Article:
- June 26, 2016
- Posted by: emobile
- Category: Trending Topic
Emobileclinic Trending Topic : Placenta Previa
Placenta previa is a medical condition when the organ joining the fetus to the uterus (placenta) is attached so low in the uterus that it partially or totally blocks the opening of the uterus (cervix). The condition varies in severity, depending on how close the placenta is to the cervix. There are Most pregnant women with multiple gestations are more likely to develop placenta previa, although, the reason for this ambiguous.
Also, women are more likely to suffer from placenta previa if they have had previous pregnancy terminations and/or cesarean sections, a previous diagnosis of placenta previa, or erythroblastosis.
There are three types of placenta previa:
Complete or total: situation where the placenta covers the entire opening to the cervix
Partial: where the placental covers the opening to the cervix partially covered
Marginal: where the placenta almost touches the edge of the opening to the cervix.
Age: pregnant women above the age of 40 are at greater risk of having placenta previa
Surgical history: women who had cesarean section
Risky lifestyle: women who smoke and take alcohol have high risk of developing placenta previa.
History: painless second or third-trimester bleeding (hemorrhage) is the primary sign of placenta previa. Although there may be some spotting of blood early in the pregnancy, the first episode of hemorrhage usually begins sometime after the twenty-eighth week of pregnancy. Caused by placental tissue separating from the uterus, the bleeding is sudden, painless, and profuse. There may be some cramping.
Physical examination: the uterus is usually soft, relaxed, and non-tender. A digital exam is not done as it may cause more bleeding. Most cases of placenta previa turn up during routine ultrasound exams.
Tests: ultrasound is then used to view the placement of the placenta in the uterus. Ultrasound is correct 95% of the time if done through the abdomen and 100% of the time if done through the vagina
Full blood count (CBC) and coagulation studies such as prothrombin time (PT), active partial thromboplastin time (aPTT), fibrin split products, and fibrinogen can rule out disseminated intravascular coagulation. Placenta increta, placenta percreta, and placenta accreta can be ruled out by MRI.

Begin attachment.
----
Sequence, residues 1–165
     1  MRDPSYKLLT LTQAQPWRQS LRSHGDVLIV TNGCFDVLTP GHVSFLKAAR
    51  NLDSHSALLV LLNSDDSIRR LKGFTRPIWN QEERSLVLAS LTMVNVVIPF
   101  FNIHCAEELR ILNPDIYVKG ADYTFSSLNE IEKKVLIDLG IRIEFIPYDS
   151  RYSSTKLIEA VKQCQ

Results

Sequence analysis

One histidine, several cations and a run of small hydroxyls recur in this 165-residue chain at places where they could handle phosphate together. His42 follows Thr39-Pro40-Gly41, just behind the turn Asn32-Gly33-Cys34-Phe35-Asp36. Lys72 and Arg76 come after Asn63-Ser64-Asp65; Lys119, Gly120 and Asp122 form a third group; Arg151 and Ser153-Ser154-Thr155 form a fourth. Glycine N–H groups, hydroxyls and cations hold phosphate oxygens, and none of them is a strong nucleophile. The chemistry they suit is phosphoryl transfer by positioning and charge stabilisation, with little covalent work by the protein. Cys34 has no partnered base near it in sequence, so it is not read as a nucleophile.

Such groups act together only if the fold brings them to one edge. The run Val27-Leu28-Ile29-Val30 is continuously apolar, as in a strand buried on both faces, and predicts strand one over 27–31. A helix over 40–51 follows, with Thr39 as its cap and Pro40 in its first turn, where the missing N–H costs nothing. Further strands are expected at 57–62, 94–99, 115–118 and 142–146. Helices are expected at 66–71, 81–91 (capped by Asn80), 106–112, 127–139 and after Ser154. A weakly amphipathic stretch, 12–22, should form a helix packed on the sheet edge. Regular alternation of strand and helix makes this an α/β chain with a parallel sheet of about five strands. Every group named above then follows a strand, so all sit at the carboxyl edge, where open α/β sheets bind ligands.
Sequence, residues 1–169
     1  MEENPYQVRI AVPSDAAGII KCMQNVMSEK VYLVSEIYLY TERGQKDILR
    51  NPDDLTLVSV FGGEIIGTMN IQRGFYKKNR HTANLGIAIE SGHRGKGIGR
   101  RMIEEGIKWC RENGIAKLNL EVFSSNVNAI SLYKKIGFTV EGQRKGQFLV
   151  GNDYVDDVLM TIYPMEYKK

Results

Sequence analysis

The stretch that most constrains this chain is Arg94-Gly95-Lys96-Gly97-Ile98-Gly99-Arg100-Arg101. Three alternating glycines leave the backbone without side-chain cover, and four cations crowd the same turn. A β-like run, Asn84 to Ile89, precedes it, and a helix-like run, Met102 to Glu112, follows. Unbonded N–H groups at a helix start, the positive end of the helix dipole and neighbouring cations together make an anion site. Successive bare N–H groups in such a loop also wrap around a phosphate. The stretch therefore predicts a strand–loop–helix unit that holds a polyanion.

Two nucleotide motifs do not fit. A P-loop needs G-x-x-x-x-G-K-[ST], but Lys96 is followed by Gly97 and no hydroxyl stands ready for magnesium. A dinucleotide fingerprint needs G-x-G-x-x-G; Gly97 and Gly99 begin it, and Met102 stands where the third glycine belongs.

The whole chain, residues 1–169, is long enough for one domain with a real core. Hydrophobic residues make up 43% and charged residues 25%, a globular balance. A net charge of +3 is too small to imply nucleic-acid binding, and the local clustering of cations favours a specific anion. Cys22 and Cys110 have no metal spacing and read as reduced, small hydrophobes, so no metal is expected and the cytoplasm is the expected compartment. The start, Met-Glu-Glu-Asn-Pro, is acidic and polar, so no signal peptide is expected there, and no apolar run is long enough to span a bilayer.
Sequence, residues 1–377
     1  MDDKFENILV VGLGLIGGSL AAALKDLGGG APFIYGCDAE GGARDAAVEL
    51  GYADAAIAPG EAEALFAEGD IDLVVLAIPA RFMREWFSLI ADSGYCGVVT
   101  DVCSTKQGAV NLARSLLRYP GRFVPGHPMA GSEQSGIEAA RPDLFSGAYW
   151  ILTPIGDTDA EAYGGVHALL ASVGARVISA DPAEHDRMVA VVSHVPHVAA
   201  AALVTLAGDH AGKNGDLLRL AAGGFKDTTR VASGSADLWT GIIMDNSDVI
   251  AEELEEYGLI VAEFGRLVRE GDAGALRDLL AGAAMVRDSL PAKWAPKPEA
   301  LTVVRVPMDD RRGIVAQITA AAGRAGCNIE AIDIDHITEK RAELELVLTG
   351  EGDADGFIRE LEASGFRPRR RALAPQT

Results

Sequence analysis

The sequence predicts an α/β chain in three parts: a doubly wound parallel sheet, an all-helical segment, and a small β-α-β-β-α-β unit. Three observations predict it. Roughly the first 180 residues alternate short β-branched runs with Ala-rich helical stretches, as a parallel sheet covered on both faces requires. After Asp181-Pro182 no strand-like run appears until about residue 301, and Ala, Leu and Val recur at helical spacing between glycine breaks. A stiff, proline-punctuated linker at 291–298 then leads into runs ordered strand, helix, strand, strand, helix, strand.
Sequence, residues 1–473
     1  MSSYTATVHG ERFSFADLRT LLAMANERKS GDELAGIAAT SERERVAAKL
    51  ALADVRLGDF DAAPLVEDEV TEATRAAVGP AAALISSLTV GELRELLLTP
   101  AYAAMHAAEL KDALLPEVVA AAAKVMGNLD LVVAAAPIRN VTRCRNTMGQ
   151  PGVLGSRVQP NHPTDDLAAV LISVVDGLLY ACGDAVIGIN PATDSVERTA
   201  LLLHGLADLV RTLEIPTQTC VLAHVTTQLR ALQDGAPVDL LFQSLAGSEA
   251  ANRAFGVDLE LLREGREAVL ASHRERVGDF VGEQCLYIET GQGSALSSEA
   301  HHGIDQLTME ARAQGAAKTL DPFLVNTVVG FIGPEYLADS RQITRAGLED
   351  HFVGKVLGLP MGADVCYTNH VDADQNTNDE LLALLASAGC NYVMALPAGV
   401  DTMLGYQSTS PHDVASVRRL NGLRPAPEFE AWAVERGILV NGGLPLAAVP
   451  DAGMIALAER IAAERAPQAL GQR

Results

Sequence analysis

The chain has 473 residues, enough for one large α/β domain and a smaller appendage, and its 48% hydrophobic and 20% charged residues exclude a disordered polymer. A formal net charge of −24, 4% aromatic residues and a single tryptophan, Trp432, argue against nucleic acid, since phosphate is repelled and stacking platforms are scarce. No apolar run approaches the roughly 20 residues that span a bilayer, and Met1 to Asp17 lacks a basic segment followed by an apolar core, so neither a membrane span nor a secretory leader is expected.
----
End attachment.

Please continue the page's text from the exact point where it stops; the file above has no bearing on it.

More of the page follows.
The treatment depends on the quantity of bleeding, the gestational age, ability of the fetus to survive, the extent of the placenta covering of the cervix, and whether or not labor has begun. Hospitalization is mandatory until it is certain the condition of the mother and fetus is stable. Major blood loss is replaced by transfusions. Tocolytic medication should be given to prevent premature labor and to prolong pregnancy until at least 36 weeks, unless abruptio placentae have been diagnosed.
Cesarean section is the delivery method used in most cases because it presents the least risk to the mother and fetus. Vaginal delivery is only used if the placental placement is high enough in the uterus and the fetus is presenting headfirst (cephalic presentation), or if there is no chance of the fetus surviving. Regular prenatal visits to a physician or maternity clinic are essential for a healthy, safe pregnancy, delivery and postpartum period.
For the mother who has access to transfusions, antibiotics, and cesarean section delivery, the outcome is excellent. Half of females with the disorder have premature labor, and there is a 2% to 3% death rate for the fetus (Joy). Fetuses can also have anemia, genetic disorders, and difficulty breathing. However, these problems may be greatly reduced by early intervention and aggressive care both before and after birth.